If a charge is moved in an electric field from a point A to a point B, the energy difference is proportional to the charge that is moved. Doubling the charge doubles the energy difference, but the energy per unit charge remains fixed.

The energy per unit charge remains fixed, and is called the potential difference between the points.

The Energy Difference in measured in Joules J and the charge is measured in Coulombs C, so the potential difference is measured in J/C. For a given static or non changing electric field, the potential difference between two points is a single fixed quantity. This indicates the work that must be done to move a unit charge from one point to the other, and importantly, does not depend on the route taken. The field is conservative, since we may go from one point to another, and back via a different route, losing no energy in the process. To go from A via 1 to B and returning via 2 to A loses and gains no energy:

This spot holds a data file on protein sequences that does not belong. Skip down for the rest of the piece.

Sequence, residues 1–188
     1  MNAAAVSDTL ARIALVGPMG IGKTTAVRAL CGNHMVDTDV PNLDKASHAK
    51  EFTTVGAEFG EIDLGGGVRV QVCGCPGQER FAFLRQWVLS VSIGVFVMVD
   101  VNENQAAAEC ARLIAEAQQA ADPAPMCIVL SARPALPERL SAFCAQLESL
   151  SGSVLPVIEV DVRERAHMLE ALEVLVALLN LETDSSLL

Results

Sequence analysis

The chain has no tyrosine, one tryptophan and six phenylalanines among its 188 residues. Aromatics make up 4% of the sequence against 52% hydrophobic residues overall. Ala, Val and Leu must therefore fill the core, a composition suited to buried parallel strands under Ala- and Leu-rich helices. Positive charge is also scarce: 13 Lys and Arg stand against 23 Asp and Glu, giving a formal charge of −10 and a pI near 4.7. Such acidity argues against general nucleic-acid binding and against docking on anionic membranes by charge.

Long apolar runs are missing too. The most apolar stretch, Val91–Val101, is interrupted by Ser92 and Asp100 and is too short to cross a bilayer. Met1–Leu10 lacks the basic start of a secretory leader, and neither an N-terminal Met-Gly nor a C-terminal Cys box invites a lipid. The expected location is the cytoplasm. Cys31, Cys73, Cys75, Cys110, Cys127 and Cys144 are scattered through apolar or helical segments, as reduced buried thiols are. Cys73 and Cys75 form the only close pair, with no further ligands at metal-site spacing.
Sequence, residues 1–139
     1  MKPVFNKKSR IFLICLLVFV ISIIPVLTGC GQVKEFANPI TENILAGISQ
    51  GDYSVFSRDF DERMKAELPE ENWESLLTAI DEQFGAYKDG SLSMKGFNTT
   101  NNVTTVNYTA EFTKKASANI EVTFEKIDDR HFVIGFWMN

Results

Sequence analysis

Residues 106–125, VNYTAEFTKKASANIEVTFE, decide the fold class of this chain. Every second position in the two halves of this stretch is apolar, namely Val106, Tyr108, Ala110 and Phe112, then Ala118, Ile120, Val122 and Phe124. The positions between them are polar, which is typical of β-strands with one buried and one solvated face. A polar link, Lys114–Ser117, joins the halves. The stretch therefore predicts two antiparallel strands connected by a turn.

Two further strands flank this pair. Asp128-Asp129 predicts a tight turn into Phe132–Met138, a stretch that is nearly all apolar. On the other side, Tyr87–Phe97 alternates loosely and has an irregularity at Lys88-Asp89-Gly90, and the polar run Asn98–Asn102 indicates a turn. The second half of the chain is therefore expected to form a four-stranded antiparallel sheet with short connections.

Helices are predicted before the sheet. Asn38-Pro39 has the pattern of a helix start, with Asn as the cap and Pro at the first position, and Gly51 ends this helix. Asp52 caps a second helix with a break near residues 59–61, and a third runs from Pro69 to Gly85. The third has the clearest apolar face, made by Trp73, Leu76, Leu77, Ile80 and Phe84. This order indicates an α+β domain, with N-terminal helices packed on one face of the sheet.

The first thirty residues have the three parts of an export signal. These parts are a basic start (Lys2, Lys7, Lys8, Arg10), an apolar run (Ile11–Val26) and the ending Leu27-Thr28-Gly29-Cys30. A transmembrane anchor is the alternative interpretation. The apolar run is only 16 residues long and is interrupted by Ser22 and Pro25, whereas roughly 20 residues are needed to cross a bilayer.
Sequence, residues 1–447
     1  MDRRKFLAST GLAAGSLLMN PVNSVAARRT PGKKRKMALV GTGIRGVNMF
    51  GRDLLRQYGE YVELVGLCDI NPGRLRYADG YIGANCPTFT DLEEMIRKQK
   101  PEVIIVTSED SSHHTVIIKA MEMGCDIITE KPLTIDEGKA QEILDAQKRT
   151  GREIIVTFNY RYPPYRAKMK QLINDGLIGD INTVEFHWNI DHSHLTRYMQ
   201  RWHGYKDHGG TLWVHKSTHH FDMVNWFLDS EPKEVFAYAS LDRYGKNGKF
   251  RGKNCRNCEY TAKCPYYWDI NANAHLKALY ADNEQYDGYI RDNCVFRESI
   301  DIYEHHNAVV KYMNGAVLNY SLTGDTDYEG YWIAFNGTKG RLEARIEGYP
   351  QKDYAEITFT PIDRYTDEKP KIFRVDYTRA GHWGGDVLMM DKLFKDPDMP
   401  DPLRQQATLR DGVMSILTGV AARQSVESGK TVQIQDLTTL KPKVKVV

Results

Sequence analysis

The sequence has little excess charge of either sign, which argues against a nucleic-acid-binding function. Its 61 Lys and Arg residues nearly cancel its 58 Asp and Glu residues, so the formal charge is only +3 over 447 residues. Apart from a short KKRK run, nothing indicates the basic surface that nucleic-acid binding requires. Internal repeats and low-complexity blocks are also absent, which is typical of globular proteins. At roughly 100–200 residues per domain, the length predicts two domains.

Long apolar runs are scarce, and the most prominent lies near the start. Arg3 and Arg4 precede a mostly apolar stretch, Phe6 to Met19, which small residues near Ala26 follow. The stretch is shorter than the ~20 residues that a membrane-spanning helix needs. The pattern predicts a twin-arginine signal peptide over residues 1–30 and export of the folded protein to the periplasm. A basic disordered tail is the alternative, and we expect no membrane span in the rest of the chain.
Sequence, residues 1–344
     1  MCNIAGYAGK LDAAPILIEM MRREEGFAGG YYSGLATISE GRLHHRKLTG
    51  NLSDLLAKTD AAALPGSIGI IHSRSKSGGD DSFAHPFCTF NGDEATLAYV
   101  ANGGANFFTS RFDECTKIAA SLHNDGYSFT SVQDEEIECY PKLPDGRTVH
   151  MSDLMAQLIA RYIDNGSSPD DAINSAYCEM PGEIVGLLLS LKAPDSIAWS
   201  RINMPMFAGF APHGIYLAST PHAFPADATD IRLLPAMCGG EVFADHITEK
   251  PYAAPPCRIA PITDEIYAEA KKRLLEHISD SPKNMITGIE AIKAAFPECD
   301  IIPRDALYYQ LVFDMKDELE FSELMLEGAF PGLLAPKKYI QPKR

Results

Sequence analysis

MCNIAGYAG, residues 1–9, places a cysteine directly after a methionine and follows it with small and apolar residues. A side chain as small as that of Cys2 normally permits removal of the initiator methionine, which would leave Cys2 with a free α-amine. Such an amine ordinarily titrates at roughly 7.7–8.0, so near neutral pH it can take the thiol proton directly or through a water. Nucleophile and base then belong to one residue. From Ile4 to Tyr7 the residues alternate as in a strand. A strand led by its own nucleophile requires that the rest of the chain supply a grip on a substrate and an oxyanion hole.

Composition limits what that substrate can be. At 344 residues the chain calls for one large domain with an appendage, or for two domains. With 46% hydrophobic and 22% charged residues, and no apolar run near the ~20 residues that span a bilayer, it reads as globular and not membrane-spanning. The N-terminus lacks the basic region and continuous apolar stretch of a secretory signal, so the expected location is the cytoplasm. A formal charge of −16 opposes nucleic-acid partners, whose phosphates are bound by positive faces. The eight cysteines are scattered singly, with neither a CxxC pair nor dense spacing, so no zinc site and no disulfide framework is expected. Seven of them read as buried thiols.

Every point in space may be labelled by a potential – this potential is not unique. Only the potential difference between any two points is well defined, but by giving some point an arbitrary potential we can define the potential of any point relative to this one, giving rise to a potential field.

Potential difference may be expressed in volts. The terms voltage and potential difference are often used interchangeably, but it must be remembered that a voltage is the potential difference between two points, one of which is usually taken as zero, and potential difference is the technically correct term.